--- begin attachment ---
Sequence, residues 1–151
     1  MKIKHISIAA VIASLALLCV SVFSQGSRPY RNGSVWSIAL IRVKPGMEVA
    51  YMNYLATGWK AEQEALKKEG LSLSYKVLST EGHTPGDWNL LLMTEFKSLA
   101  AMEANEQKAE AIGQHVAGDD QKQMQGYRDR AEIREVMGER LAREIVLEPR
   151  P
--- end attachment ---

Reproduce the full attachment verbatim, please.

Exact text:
Sequence, residues 1–151
     1  MKIKHISIAA VIASLALLCV SVFSQGSRPY RNGSVWSIAL IRVKPGMEVA
    51  YMNYLATGWK AEQEALKKEG LSLSYKVLST EGHTPGDWNL LLMTEFKSLA
   101  AMEANEQKAE AIGQHVAGDD QKQMQGYRDR AEIREVMGER LAREIVLEPR
   151  P